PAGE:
Honoring the fallen Fallen Warriors Bike Run remembers those who lived behind the shield

By Nathan J. Tohtsoni
Special to the Times

Navajo Times | Donovan Quintero
More than 100 motorcyclists took part in the third annual Navajo Nation Fallen Warriors Bike Run.

THOREAU, N.M.

At the head of more than 100 motorcycles motoring across the Navajo Nation, Ervin Redhouse, of Tsaile, Arizona, had spent hours welding a metal police shield on the front-end of his motorcycle in honor of his late brother, Samuel Redhouse, for the third annual Navajo Nation Fallen Warriors Bike Run.

Navajo Times | Donovan Quintero
Maggie Charley, the mother of fallen Navajo Nation Police Officer Houston Largo, who died of gunshot wounds on March 12, 2017, stands by his photos on Sunday during the 3rd annual Navajo Nation Fallen Warriors Bike Run that concluded in Thoreau.

Unseen to the droves of people and vehicles who pulled to the roadside and waved, saluted or gave a thumbs up, Redhouse’s eyes were teared under his helmet as he remembered a brother taken too young. He was ambushed by sniper fire in the line of duty as a Navajo Nation Police officer on Feb. 17, 1997.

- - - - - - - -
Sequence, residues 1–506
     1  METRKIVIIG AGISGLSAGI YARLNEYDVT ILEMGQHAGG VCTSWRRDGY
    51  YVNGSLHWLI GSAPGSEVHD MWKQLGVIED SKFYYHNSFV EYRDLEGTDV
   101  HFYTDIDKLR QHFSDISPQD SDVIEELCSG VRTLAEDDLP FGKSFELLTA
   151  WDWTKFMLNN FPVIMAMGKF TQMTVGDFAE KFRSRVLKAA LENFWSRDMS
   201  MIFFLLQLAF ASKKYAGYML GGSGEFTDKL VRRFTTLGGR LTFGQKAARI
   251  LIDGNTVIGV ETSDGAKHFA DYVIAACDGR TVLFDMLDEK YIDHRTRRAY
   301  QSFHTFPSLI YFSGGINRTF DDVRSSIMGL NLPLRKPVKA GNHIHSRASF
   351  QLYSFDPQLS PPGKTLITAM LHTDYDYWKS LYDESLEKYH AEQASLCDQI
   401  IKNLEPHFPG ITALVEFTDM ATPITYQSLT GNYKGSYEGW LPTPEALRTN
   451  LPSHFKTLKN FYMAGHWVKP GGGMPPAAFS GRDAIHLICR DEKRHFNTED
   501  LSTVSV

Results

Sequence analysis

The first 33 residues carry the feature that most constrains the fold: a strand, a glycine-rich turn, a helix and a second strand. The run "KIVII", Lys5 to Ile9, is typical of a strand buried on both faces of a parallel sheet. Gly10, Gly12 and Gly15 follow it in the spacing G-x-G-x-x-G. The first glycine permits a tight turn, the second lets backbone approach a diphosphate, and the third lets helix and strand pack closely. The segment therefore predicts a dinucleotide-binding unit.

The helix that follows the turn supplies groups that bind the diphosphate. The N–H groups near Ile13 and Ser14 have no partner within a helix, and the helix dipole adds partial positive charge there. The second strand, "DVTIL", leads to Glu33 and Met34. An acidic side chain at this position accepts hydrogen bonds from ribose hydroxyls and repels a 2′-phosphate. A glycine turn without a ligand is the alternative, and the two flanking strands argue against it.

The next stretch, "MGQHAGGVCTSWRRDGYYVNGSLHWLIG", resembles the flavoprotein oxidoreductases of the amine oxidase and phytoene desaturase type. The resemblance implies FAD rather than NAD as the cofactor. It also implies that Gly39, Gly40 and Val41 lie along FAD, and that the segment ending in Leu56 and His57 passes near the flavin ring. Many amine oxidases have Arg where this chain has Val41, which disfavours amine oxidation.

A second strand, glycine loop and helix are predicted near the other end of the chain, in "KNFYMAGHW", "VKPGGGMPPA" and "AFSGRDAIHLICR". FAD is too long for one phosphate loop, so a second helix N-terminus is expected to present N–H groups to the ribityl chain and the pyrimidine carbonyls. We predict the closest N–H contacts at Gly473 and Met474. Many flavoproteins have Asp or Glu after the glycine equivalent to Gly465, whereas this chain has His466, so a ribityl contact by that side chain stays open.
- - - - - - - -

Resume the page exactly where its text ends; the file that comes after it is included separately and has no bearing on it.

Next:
“He was on his day off. It was a Monday,” Redhouse said. “There was a report of a man with a weapon when he was called out and he did his duty. Even though it’s been 21 years, sometimes it seems like yesterday. He and I were so close. The emotions come in waves and sometimes you don’t accept it.”

Forgotten. Remembered. Honored. Those words echoed throughout the day when motorcycles departed from the Shiprock Chapter House on Sunday, stopped at a convenience store in Tohatchi and the Eastern Agency Judicial Complex in Crownpoint before ending at the Thoreau Chapter House. Along the 150-mile route, the number of riders grew.


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